MUMBAI, February 11 - The local film community is buzzing about the recently released film Dhobi Ghat. The film, from first-time director Kiran Rao, wife of actor Aamir Khan (Dil Chahta Hai, Lagaan, who also stars in the film), examines the lives of four disparate individuals living in Mumbai by focusing on one particular neighborhood and the diversity of the characters that inhabit it.
Dhobi Ghat tackles the limitations of a city like Mumbai, where lives intersect but do not necessarily connect. The film tries to challenge this notion by bringing the characters together in intensely personal relationships that supersede socio-economic standing.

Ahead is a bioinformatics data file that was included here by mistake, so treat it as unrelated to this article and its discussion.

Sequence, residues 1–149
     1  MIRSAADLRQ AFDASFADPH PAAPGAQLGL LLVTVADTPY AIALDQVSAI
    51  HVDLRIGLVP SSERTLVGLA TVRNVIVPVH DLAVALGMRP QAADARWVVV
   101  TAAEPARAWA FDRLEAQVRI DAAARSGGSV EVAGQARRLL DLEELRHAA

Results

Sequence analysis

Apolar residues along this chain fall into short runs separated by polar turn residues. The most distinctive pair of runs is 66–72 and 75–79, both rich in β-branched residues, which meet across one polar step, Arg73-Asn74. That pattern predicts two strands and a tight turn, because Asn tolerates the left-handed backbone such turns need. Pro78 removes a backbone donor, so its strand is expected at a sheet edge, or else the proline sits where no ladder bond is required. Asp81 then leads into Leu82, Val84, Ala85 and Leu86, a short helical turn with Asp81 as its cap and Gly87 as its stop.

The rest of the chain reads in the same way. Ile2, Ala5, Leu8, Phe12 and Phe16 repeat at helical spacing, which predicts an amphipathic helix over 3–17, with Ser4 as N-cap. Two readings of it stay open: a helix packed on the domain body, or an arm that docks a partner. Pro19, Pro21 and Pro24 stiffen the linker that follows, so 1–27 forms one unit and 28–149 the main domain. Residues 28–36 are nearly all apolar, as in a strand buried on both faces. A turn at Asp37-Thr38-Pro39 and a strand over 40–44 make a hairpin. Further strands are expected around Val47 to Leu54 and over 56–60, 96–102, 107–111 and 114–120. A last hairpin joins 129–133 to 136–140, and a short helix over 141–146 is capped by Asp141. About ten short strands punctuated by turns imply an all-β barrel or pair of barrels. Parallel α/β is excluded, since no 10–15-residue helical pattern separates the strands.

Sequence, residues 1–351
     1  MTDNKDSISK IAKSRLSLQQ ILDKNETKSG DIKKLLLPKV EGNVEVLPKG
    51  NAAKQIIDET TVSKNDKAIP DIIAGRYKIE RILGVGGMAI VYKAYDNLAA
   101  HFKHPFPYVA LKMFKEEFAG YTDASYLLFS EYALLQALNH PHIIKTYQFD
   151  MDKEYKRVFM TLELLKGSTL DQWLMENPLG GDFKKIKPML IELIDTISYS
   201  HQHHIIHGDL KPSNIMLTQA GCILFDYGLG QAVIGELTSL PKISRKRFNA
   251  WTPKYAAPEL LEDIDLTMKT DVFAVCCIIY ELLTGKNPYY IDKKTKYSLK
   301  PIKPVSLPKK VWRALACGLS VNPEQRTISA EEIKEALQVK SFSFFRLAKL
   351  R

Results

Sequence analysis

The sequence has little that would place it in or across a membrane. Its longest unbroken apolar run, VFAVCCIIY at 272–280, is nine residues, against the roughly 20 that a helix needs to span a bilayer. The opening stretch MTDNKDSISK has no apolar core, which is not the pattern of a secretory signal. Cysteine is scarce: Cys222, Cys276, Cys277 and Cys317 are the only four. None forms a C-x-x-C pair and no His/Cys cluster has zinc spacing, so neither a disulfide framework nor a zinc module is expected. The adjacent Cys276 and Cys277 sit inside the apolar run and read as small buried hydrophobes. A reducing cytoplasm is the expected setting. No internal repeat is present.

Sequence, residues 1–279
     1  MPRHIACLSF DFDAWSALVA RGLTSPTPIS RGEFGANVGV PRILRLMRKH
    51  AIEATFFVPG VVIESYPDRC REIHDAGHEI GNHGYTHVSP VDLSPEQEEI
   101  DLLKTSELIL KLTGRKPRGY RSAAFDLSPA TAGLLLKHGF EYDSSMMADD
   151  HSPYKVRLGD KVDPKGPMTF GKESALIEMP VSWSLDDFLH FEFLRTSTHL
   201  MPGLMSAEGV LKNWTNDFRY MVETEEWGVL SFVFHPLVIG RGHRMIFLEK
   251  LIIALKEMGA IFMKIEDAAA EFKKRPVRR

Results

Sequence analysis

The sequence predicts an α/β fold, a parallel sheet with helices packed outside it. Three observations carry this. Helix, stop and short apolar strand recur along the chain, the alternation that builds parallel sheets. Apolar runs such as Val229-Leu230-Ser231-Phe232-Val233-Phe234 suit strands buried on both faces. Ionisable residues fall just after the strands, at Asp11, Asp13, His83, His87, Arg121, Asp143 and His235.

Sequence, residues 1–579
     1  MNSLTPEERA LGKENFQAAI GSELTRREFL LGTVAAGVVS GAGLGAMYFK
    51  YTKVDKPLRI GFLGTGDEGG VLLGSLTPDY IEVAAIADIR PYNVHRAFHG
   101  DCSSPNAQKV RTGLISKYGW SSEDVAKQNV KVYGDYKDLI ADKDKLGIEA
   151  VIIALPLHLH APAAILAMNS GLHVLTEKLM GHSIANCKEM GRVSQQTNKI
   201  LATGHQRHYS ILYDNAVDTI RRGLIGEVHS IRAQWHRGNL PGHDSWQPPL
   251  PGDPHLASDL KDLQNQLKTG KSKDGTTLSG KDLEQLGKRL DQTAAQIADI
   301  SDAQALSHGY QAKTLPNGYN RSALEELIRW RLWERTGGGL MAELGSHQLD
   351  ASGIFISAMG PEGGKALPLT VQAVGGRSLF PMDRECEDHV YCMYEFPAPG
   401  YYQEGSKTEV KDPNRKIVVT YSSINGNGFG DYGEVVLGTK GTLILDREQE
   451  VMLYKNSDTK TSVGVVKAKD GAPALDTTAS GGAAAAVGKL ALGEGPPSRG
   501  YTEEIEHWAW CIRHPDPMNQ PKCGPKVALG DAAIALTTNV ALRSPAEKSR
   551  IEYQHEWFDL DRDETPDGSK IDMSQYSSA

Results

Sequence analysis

In a film culture dominated by shinily produced Bollywood cinema, this arthouse-style film reflects the reality of Mumbai without the sparkle of Bollywood numbers, without the slum-life depicted in Slumdog Millionaire. Rao attempts to paint Mumbai as a place of opportunity, isolation, and discovery.
Dhobi Ghat's wide release marks the beginning of a new cinematic exploration in India, or perhaps a return to the more socially conscious films of previous eras (one Indian reviewer compared it to Satyajit Ray's Charulata). It is an Indian film, made for Indians, unlike Slumdog Millionaire, which used an outsider's eye to tell the story of slum-life while maintaining the aspirational tones so closely associated with Bollywood.
Many have argued, however, that Dhobi Ghat's success is due to Rao's association with Aamir Khan (who both acted and produced the film). Nonetheless, Rao's credentials and unique voice speak for themselves, and she remains a director to be closely watched.
Aamir Khan: Acting on Instinct